How to: dodge buying a stolen bike
- By London Cycling Campaign on at 7:12pm 18 September 2011
- Posted in: News and blogs
- Tagged with: police, crime, stolen bicycle, street markets
It's an absolute bargain of a bike, you could call it a steal. But is it actually stolen?
Stolen bikes on the internet
Buying and selling bikes on sites like Gumtree is quick and easy, and requires no identification and minimal registration. This has made the web a popular place for thieves selling bikes. Typically, a thief won't post a real photo of the bike, and will expect a quick sale, often conducted by mobile phone and on a street corner or outside a pub.
To avoid ending up with a stolen bicycle the police might later take back from you: ask the seller where they got it; ask for ID or a workplace email; check the frame number against lists of stolen bikes on BikeRegister and CheckThatBike (searches several databases); and check that the photo matches the actual bike.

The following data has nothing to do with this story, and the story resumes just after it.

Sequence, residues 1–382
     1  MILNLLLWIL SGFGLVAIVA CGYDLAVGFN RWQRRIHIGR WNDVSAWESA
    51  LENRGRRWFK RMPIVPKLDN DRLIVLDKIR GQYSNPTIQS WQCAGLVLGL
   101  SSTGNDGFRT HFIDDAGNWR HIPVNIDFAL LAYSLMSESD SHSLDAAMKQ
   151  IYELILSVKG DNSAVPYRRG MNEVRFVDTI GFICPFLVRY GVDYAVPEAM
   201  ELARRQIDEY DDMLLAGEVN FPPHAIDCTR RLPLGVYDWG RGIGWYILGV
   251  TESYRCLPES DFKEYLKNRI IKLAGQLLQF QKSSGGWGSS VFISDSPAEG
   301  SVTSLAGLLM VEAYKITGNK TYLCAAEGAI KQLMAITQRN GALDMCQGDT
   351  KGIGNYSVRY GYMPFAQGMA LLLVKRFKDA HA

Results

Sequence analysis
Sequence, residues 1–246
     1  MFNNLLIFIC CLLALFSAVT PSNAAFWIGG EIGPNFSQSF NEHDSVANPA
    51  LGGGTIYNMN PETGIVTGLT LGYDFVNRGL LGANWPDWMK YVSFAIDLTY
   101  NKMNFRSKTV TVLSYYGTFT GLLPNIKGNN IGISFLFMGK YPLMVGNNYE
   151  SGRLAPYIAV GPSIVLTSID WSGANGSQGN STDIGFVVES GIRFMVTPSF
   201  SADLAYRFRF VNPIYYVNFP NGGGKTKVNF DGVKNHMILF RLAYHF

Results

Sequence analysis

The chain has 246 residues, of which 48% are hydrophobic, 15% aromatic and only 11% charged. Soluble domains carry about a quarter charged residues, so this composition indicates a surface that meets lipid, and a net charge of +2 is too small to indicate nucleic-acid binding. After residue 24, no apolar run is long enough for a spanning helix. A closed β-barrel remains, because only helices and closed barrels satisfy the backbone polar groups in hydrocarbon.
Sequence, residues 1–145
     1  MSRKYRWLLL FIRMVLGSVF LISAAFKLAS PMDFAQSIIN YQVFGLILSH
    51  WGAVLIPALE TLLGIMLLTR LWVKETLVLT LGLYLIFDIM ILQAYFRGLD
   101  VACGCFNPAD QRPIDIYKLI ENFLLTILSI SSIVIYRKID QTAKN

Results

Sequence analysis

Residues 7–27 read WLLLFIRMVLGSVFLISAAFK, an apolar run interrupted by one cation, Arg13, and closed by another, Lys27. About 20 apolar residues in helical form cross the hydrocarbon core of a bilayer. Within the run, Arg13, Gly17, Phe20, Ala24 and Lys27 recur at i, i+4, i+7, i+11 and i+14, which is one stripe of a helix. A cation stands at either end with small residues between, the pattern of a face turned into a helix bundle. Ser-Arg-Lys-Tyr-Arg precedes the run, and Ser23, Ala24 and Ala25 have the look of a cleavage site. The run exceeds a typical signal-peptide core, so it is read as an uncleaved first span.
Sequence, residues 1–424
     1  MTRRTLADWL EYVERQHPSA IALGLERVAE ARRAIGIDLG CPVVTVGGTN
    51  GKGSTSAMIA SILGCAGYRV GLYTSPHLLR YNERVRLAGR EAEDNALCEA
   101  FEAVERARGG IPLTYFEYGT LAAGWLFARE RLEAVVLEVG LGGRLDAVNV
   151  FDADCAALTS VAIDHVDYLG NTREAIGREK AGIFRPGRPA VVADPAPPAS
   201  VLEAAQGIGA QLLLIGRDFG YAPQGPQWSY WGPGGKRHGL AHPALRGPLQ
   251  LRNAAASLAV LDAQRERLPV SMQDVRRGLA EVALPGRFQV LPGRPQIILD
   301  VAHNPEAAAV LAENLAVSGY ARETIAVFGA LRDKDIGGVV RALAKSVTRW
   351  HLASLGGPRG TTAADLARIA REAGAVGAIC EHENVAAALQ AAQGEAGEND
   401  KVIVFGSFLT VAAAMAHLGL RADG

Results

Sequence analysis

If an advert looks dodgy, and the seller doesn't have a credible story as to where they got the bike, walk away for your own good as well as everyone else's. If you see a stolen bike on Gumtree you can report it by clicking the REPORT button on the right of the advert, highlighting 'illegal/fraudulent' and entering a comment.
Stolen bikes on the street
Illegal trading in stolen bikes has been common in areas such as Broadway Market in Hackney, Coldharbour Lane in Brixton, and Brick Lane. If someone on the street offers you a bike, walk away. And if you're buying from a stall in a market, you can still check frame numbers, as above.
Avoiding your bike being stolen